Moving forward with WordPress 3 the use of Child Themes will be something that many of us come into contact with. Although I personally don’t like the concept because it means managing too many things in too many places there are reasons to use Child Themes. So, lets take a look at the basic concept of Child Themes and how they can be applied to a Parent Theme.
To understand how to create a Child Theme you should have a basic understanding of the WordPress Theme Hierarchy and the core pieces of code that make up any page.
What is a Child Theme
Child themes in WordPress are a way to keep most or much of the original theme that you have originally selected and make alterations only to specific CSS, Theme Templates or Functions without deleting the original code.
Most of my themes are developed from scratch from a few starter layouts that I keep on hand. Working from beginning to end with my own code is slightly more time consuming but the good thing is I know where everything is.
Child themes are for situations where you are redesigning a theme for a customer that really likes most of the product and needs a few changes. If you are working with a commercial theme you may be altering a highly technical and large volume of php and html/css formatting that could take you hours or days to upgrade when a new version of the original theme is available.
Placing a subdirectory in the theme file as
you can begin altering parts of the theme while leaving the rest in place.
Once you have completed your changes that will override the original themes features you can select the child theme as an option in your Appearance Menu.
A Child Theme can be as simple as a new CSS File if that is all you need to change or it can be as complex as adding any number of template files, images and other features to almost completely change the theme to something else.
Like I said often I start with a template I have self made and format it to fit the site without the use of child themes. Once you get extremely complex (changing and not just adding many files) you may as well just make a new parent theme based on the original.
The only Manditory file in a Child Theme is the CSS File
Make a subdirectory in your Parent theme and add the file style.css
The new style.css file will override the css file of the parent so copy the contents of the parent’s file for modification.
The Header of the style.css file must be properly formatted so that it will work in unison with the Parent Theme.
The example below shows the possibility of importing the Parent Theme’s CSS file with a standard CSS @import but it is highly likely that you will get confused jumping from file to file so if you are making a large number of CSS Changes simply copy the parent and don’t import.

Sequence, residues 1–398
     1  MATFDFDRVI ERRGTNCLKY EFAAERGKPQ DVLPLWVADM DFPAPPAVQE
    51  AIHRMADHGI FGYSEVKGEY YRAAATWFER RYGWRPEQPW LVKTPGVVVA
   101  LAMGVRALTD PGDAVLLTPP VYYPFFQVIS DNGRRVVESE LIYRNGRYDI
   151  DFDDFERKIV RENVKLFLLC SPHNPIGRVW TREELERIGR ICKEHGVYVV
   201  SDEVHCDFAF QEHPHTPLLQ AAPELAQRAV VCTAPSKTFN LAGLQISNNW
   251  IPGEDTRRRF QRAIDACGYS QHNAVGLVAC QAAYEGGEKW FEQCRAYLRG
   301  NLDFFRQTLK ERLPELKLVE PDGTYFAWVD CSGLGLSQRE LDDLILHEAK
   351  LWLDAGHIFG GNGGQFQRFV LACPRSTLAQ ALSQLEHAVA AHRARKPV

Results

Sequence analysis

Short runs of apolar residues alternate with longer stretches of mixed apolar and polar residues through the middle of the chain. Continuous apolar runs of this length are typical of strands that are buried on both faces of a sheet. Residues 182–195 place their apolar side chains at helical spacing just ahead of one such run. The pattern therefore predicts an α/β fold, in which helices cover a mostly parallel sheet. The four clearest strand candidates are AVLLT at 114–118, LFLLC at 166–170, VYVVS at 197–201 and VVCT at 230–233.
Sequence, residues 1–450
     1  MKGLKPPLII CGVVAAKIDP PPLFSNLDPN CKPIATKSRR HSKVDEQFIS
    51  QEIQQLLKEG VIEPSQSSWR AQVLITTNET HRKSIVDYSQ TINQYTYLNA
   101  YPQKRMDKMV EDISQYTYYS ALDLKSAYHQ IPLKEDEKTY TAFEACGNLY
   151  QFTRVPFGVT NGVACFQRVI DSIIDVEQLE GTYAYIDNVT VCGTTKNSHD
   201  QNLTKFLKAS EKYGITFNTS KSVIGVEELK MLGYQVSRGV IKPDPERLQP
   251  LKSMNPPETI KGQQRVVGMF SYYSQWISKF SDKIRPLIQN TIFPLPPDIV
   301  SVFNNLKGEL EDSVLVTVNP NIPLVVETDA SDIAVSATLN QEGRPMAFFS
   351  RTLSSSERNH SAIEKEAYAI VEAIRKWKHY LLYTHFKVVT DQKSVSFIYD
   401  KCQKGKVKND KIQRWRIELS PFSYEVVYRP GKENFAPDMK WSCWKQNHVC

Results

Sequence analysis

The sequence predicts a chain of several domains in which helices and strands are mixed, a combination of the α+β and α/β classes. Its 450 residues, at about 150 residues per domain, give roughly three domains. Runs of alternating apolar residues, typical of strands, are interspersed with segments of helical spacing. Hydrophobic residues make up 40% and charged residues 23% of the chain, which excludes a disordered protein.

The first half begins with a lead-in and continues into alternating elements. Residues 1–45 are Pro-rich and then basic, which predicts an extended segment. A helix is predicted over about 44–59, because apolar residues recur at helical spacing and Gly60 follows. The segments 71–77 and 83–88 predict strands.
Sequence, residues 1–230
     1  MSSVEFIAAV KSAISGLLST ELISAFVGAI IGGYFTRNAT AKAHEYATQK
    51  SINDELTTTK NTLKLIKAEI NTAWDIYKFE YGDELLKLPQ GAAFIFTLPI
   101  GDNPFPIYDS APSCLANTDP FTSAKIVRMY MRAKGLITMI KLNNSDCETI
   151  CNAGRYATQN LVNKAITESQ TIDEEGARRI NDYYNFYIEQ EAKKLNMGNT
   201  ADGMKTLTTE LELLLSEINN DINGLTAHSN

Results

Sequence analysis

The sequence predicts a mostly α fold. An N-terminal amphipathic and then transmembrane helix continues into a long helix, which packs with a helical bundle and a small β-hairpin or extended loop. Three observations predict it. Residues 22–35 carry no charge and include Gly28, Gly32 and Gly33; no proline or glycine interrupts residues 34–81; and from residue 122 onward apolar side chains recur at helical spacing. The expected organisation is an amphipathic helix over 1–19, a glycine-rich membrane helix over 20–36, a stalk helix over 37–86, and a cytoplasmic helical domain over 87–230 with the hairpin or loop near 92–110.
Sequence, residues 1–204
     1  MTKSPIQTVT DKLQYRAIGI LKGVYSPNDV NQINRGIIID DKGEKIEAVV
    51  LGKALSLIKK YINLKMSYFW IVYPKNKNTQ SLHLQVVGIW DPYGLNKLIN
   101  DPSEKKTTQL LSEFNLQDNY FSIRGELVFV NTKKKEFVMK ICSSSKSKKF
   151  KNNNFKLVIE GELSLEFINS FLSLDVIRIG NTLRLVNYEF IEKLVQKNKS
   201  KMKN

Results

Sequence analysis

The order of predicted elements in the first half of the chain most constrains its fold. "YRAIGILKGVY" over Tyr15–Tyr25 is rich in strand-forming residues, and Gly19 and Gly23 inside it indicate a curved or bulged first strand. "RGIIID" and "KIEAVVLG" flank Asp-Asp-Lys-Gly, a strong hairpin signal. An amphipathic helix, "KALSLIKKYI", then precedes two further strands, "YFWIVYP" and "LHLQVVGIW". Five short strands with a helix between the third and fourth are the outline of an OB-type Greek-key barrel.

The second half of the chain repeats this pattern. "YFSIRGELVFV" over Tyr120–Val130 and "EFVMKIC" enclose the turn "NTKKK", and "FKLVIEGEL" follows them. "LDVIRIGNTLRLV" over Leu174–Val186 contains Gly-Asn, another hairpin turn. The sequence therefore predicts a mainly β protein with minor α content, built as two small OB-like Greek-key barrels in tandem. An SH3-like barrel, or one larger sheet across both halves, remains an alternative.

Theme Name: My Child Theme
Description: My Child Theme for the Twenty Ten theme
Author: Your name here
The most important line above is the Template: naming. This is where you call the parent theme. It is important that you use the same name and case as the parent uses in its CSS file to name the theme.
The next important line is the Theme Name you give to your child theme. The theme name will be shown in your available theme selections.
When you want to make changes to specific theme template files like single.php home.php index.php simply place the new files in the child theme directory.
New template files will override the Parent Theme files.
You can also add additional files like any number of specific category templates … category-123.php file or simply a home.php file.
When adding a new functions.php file to your child theme directory you will be piggybacking your functions on top of the parent theme’s functions file.
It is important that you use proper naming procedures to allow all your functions to work together.
Although Automatic updates should be smart enough to not delete your child theme it is very important that you make a backup of your parent and child theme before making any updates to new versions of a parent theme.
Most WordPress themes come with a license that allows you to make modifications. Using a child theme allows you to make those modifications without touching the original files but it can also introduce some unneeded complexity when trying to debug problems.
In addition to adding more complex file management there is no guarantee that any future upgrades to your current parent theme will follow previous coding definitions or that you will ever even see an update to your theme.
Child themes do have their place and that may be with designers that want to make quick changes for a customer or content providers that want to make one theme and then apply it to many sites by modifying the CSS.
Good or bad it is an option that you should understand and make use of when necessary.